Dr Susan Wijffels: observing and understanding the world's oceans
Dr Susan Wijffels aims to quantify and understand the role of the ocean in climate, key aspects of the large-scale ocean circulation and global ocean change.
30 September 2010 | Updated 14 October 2011
Dr Susan Wijffels is recognised for her international and national leadership in the design, implementation and exploitation of the Global Ocean Observing System.
Dr Wijffels contributed to the discovery of rapid warming of the abyssal oceans.
Dr Wijffels leads the CSIRO Wealth from Oceans Flagship's ocean observing system and operational modelling research. In addition, her current projects include:
- investigating variability of the Indonesian Throughflow and its role in climate (the international INSTANT project and follow-on long term monitoring via the Integrated Marine Observing System), and improving its representation in climate models
- leading Australia’s contribution to the global Argo project and co-chairing the International Argo Steering Team
- quantifying global ocean change over the past 50 years, including the anatomy and drivers of ocean warming, how changes in the earth’s hydrological cycle are expressed in large-scale changes to the ocean salinity field and if and how climate models exhibit these behaviours.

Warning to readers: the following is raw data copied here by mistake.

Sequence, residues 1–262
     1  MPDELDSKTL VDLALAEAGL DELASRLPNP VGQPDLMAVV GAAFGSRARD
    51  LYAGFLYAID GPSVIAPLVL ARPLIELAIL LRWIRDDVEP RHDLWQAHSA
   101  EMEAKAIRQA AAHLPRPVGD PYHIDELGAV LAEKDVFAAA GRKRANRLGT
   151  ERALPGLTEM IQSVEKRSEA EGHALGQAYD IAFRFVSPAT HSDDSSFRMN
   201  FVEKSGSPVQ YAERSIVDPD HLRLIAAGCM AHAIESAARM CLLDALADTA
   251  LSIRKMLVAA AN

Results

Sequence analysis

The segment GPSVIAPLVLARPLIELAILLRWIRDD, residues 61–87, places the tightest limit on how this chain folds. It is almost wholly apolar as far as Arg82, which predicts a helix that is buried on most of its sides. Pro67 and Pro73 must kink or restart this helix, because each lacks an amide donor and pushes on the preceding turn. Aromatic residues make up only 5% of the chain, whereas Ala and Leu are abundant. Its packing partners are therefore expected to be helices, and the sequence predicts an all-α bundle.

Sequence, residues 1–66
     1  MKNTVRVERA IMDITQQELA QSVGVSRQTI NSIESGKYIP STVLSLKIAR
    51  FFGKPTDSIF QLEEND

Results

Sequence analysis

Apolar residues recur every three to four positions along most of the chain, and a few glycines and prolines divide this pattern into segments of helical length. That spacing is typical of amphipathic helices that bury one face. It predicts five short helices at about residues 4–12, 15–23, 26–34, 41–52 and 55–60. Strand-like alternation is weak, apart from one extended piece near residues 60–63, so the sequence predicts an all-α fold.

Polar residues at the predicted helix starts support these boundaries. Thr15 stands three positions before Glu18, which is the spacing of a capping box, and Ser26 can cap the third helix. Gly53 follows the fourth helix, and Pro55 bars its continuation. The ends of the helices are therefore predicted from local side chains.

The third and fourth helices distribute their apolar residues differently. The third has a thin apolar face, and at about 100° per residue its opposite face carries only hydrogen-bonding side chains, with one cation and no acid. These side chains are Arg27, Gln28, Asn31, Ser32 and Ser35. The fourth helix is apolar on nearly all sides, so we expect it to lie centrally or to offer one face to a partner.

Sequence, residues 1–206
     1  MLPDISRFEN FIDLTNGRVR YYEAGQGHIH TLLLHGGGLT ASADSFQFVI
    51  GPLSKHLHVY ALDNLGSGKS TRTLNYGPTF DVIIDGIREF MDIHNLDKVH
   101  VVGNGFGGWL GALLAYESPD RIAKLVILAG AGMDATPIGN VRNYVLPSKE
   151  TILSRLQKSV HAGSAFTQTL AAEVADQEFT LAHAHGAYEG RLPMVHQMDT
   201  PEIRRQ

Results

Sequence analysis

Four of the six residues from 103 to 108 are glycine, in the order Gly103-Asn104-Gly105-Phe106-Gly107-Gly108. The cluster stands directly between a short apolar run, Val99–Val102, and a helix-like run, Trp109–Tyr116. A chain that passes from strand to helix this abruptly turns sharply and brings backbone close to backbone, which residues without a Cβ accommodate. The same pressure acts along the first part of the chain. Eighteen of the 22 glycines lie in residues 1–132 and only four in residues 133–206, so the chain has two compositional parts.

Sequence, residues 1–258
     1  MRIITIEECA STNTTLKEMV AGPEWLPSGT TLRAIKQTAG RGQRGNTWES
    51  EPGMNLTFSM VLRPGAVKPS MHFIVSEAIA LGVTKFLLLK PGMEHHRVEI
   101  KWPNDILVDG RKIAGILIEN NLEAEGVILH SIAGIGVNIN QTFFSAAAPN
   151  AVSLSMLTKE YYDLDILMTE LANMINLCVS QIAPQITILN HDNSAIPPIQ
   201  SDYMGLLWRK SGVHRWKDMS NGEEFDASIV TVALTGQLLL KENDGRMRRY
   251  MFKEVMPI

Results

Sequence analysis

Working with colleagues at NASA, Dr Wijffels discovered and corrected small, but systematic biases discovered in 70 per cent of measurements in the global ocean observing system.
On the basis of the corrected data, a team of Australian and American climate researchers, including Dr Wijffels, calculated the world's oceans warmed and rose at a rate 50 per cent faster in the last four decades of the 20th century than documented in the 2007 Intergovernmental Panel on Climate Change Fourth Assessment Report.
She contributed to the discovery of broad-scale and rapid warming of the abyssal oceans, with implications for the planetary energy budget and rate of sea-level rise.
This informs our understanding of the sea-level budget and rates of global warming, and is driving an international effort to design a more comprehensive deep-ocean observing system.
Before joining CSIRO in 1994, Dr Wijffels was a postdoctoral investigator with the Woods Hole Oceanographic Institution in Massachusetts, United States between 1993–94.
Dr Wijffels has been awarded a:
- Bachelor of Science with First Class Honours from Flinders University, South Australia, 1986
- Doctor of Philosophy from the Massachusetts Institute of Technology-Woods Hole Oceanographic Institution Joint Program in Oceanography and Oceanographic Engineering, 1993.
She has received a:
- Australian Meteorological and Oceanographic Society Priestley Medal for personal excellence in oceanographic research, 2000
- Royal Society of Tasmania MR Banks Medal for distinction in mid-career, 2009
- Australian Academy of Sciences Dorothy Hill Award for excellence in earth sciences, 2004.
She currently supervises three students. She has authored or co-authored more than 60 science papers, reports and book chapters, with more than 900 citations.
Learn more about Understanding Oceans.